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Today's Stichomancy for Ice Cube

The first excerpt represents the element of Air. It speaks of mental influences and the process of thought, and is drawn from The Deputy of Arcis by Honore de Balzac:

said Ernestine.

"Heavens! what has age to do with it?" said Mademoiselle Herbelot.

"Provided one gets a husband," added Vinet, whose cold maliciousness made him feared.

"Yes," replied the old maid, feeling the cut, "I should prefer a man of fifty, indulgent, kind, and considerate, to a young man without a heart, whose wit would bite every one, even his wife."

"This is all very well for conversation," retorted Vinet, "but in order to love the man of fifty and reject the other, it is necessary to have the opportunity to choose."

"Oh!" said Madame Mollot, in order to stop this passage at arms

The second excerpt represents the element of Fire. It speaks of emotional influences and base passions, and is drawn from An Occurrence at Owl Creek Bridge by Ambrose Bierce:

enforcing an erect carriage of the body. It did not appear to be the duty of these two men to know what was occurring at the center of the bridge; they merely blockaded the two ends of the foot planking that traversed it.

Beyond one of the sentinels nobody was in sight; the railroad ran straight away into a forest for a hundred yards, then, curving, was lost to view. Doubtless there was an outpost farther along. The other bank of the stream was open ground -- a gentle slope topped with a stockade of vertical tree trunks, loopholed for rifles, with a single embrasure through which protruded the muzzle of a brass cannon


An Occurrence at Owl Creek Bridge
The third excerpt represents the element of Water. It speaks of pure spiritual influences and feelings of love, and is drawn from The Figure in the Carpet by Henry James:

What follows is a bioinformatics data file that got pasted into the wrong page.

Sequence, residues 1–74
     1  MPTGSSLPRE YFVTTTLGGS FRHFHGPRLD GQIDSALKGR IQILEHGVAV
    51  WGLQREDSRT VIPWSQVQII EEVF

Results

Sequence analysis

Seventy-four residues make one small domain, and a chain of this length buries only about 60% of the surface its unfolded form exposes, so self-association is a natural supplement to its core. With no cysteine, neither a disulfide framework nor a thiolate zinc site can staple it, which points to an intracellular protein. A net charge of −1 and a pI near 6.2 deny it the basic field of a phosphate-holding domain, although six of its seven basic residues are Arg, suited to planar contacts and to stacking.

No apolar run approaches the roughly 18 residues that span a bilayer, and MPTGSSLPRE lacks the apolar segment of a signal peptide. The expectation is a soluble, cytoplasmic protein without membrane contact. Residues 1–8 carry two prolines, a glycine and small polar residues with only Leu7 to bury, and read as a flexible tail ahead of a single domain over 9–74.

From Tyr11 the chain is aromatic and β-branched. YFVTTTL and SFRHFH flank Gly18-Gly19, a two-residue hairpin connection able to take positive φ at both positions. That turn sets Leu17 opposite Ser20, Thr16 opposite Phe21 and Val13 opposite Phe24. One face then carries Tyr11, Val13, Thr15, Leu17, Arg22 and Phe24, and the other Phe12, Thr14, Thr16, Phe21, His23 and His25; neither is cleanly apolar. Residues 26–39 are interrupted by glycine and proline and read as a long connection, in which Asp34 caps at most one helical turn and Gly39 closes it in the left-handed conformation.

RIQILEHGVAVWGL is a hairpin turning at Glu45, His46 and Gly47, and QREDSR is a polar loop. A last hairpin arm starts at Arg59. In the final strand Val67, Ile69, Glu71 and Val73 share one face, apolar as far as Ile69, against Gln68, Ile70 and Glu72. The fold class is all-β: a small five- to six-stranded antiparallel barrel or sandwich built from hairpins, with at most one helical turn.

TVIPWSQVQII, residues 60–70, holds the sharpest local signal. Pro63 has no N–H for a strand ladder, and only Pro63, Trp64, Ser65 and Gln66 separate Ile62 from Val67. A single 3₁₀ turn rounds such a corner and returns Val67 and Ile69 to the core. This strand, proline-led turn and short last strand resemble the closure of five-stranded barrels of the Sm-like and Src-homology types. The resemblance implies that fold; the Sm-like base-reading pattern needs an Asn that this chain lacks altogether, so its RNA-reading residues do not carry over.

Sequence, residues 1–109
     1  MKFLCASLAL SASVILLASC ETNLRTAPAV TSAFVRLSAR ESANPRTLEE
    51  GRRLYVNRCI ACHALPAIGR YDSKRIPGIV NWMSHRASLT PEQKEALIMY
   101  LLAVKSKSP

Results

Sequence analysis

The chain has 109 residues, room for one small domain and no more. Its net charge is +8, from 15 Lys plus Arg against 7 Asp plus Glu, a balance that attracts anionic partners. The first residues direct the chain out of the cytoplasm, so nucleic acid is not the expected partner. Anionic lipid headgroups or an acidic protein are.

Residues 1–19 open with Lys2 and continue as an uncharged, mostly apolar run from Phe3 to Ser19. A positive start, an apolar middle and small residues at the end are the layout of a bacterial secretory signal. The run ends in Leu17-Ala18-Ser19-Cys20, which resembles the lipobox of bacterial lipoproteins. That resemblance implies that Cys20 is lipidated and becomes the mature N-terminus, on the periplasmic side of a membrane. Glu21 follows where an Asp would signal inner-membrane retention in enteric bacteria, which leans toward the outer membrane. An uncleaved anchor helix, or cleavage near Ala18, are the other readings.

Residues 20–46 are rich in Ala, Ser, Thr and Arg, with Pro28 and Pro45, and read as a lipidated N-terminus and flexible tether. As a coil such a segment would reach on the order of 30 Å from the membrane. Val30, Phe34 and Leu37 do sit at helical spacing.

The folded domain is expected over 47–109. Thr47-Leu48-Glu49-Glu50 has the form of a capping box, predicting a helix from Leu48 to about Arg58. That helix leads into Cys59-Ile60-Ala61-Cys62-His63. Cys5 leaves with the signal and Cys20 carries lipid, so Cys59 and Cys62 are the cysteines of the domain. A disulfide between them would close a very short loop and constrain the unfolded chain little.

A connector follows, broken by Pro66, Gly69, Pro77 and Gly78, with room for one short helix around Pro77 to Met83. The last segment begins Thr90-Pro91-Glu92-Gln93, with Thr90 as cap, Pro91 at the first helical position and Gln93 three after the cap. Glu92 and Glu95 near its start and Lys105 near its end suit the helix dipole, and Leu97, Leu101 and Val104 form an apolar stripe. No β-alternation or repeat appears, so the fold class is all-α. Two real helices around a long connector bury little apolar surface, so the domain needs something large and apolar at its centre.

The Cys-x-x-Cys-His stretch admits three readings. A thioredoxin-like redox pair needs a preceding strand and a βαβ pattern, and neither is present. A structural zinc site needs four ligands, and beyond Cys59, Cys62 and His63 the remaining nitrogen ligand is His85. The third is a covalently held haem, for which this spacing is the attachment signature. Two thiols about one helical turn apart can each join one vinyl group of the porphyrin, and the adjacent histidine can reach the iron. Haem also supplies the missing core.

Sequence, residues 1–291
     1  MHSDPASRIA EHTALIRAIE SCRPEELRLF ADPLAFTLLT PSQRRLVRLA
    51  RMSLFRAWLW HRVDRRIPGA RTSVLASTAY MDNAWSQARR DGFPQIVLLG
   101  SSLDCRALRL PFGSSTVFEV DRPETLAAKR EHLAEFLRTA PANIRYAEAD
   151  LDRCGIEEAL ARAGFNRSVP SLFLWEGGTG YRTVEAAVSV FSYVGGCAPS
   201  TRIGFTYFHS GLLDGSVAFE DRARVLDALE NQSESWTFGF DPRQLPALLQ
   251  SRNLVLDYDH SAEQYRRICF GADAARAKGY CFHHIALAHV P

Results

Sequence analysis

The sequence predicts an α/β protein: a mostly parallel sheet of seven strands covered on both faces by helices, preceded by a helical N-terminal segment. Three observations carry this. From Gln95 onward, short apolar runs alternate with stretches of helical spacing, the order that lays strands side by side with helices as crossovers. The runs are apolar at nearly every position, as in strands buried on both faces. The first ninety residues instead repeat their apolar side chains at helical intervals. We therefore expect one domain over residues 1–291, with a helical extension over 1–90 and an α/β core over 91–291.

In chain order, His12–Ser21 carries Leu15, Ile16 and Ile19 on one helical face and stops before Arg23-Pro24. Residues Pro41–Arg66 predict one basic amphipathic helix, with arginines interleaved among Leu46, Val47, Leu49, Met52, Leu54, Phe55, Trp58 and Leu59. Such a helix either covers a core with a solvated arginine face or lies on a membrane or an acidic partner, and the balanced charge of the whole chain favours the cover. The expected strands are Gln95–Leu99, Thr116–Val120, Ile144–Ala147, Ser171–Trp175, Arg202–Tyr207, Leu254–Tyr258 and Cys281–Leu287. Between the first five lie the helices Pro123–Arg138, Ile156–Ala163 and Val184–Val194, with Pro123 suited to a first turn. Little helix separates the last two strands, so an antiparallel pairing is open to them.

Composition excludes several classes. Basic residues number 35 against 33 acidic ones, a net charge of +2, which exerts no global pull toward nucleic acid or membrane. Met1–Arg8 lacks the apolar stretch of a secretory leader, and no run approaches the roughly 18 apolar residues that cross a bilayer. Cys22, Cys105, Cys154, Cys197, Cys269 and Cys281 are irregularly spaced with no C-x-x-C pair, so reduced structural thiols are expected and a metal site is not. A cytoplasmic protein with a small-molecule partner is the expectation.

wasn't, so far as I could discover, a line of his writing in the house.

CHAPTER IV.

RETURNING to town I feverishly collected them all; I picked out each in its order and held it up to the light. This gave me a maddening month, in the course of which several things took place. One of these, the last, I may as well immediately mention, was that I acted on Vereker's advice: I renounced my ridiculous attempt. I could really make nothing of the business; it proved a dead loss. After all I had always, as he had himself noted, liked him; and what now occurred was simply that my new intelligence and vain

The fourth excerpt represents the element of Earth. It speaks of physical influences and the impact of the unseen on the visible world, and is drawn from Aeroplanes and Dirigibles of War by Frederick A. Talbot:

been known to pierce a mounted soldier's head, and pass vertically through his body and that of his horse also. Time after time German soldiers have found themselves pinned to the ground through the arrow striking and penetrating their feet. Owing to the extremely light weight of the darts they can be launched in batches of hundreds at a time, and in a promiscuous manner when the objective is a massed body of infantry or cavalry, or a transport convoy. They are extremely effective when thrown among horses even from a comparatively low altitude, not so much from the fatalities they produce, as from the fact that they precipitate a stampede among the animals, which is